The Pardu

The Pardu
Watchful eyes and ears feed the brain, thus nourishing the brain cells.

Sunday, February 2, 2014

Give America A Raise!

Give America A Raise!  Why?


The Atlantic via the Bureau of Labor Statistics

Who Might Get a Raise If Obama Boosts the Minimum Wage?


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Where do Minimum Wage earners work?

No surprise, people who earn minimum wage comprise a service industry sub-culture and economic underclass.  Basically, they serve us in some capacity. 
The cost of certain life sustaining goods? The following graphic does not include clothing (for a family), utilities bills, and operating a motor vehicle. Those costs have also risen over time, and continue to rise. What do you think happens to the following graphic if the drought in California continues? Food costs will rise across the nation. 

How do Americans feel about raising the Minimum Wage? 

Trend: Raising the Mimimum Wage

The American public is favorably disposed towards raising the Minimum Wage. We also know the American public favors background cheeks for gun purchases (91%), yet the GOP members of Congress swim to 'dance to a different drum." Yet voters have given the GOP a majority the US House of Representatives for many years to come, and I read the American public could give the GOP the US Senate.  

A GOP/conservative argument raising the Minimum Wage

This past December 4th -8th, Reason-Rupe Poll, interviewed 1011 adults (mobile [506] and land-line [505] phones). The following questions represents the survey battery.
The federal minimum wage is $7.25 per hour. Do you favor or oppose raising the minimum wage to ten dollars and ten cents per hour? 
Do you think the federal government should set a minimum wage, or not?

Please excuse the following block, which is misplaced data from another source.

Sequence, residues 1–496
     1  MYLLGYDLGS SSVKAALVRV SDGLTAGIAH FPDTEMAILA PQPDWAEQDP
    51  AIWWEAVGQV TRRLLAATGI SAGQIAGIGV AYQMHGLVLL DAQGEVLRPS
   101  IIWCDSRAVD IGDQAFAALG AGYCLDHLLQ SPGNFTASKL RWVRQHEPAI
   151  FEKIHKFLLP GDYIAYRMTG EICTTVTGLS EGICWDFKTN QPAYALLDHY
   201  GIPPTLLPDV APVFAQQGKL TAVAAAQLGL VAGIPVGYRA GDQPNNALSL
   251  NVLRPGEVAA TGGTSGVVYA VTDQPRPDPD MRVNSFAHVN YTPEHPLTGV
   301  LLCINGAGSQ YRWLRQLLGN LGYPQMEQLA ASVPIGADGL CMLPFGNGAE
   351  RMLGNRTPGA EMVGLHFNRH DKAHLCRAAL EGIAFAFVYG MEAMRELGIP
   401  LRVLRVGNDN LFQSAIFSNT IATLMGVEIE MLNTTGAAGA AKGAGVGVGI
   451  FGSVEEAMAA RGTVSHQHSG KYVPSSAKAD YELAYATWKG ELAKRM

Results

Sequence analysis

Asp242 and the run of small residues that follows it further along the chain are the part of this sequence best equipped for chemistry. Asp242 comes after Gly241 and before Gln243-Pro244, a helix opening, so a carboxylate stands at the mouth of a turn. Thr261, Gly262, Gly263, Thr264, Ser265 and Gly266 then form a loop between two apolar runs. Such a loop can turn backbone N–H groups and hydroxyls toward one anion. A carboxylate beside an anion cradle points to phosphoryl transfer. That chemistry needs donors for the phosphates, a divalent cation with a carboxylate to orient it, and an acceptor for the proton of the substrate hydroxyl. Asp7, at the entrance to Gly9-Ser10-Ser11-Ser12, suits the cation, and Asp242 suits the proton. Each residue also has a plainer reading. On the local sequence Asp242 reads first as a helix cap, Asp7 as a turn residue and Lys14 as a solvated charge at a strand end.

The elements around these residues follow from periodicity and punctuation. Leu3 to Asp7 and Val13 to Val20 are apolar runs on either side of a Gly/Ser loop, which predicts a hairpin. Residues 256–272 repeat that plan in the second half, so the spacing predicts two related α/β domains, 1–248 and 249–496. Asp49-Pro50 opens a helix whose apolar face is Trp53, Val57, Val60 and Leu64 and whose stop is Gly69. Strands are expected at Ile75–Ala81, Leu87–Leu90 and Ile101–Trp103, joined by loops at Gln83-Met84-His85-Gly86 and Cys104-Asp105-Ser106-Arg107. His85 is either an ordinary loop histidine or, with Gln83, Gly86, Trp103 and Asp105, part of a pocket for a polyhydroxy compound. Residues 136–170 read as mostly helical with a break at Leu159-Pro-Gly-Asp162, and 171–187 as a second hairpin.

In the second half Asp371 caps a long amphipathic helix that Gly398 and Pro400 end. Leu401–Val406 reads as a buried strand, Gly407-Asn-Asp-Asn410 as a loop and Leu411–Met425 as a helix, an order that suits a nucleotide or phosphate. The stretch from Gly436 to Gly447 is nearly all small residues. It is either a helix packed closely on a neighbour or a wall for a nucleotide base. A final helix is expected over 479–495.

Do you think raising the minimum wage would (reduce) the number of jobs, (increase) the number of jobs, or have no impact on the number of jobs? 
What about if raising the minimum wage caused some employers to lay off workers or hire fewer workers? Would you favor or oppose raising the minimum wage? 
Do you view minimum wage jobs as (stepping-stones to help lower skilled or younger workers gain skills) or as (long-term positions for established workers to support their families)?
Reason Dot Com article excerpt

Americans like the idea of hiking the cost of labor, but only if it doesn't price workers out of jobs. 
 | December 13, 2013
Nearly three-fourths of Americans favor raising the minimum wage from $7.25 to $10.10 an hour, while 26 percent oppose according to the latest Reason-Rupe poll. However, support flips and 57 percent oppose a hike if raising the minimum wage causes some employers to lay off workers or hire fewer workers, while only 38 percent would still favor the move. Nevertheless, 58 percent do not believe raising the minimum wage will harm jobs and 39 percent believe it will. 
Assuming no cost to jobs, majorities of Democrats (88 percent), independents (70 percent), and Republicans (55 percent) favor raising the minimum wage. Self-identified libertarians are the only political group that opposes it (55 percent). Support declines with rising income and age, but majorities continue to support the proposal. Even a majority (53 percent) of tea partiers support raising the minimum wage, but they are twice as likely as non-tea partiers to oppose.
Any wonder the GOP continues to throw-out that tired and untrue rhetoric about "killing jobs?" It is like former RNC Chair Michael Steele's "comments about Rand Paul's use of Bill Clinton's foibles and exploits as a tool against his wife running for president. Steele said, "It resonates!"  Of course, it does among people who are inclined towards "the sky is falling" Chicken Little GOP mantra.

The argument about increasing job growth (short-term) or job killing from increasing the Minimum Wage is an argument that will go on forever. We are going to post a short excerpt and link to a Daily Beast piece that shows higher unemployment rates doesn't necessarily lead to higher unemployment.

Daily Beast  "What does an increase in the minimum wage do to the economy"
While rejecting every study with more conservative conclusions might be a reach, Obama isn’t the only one who thinks raising the wage is worth a negligible effect on the job market. The tide seems to be turning toward the left. Currently, 19 states and D.C. have set the minimum wage higher than the federal rate. New Jersey’s recent vote for a wage hike will go into effect next year and make it the 20th.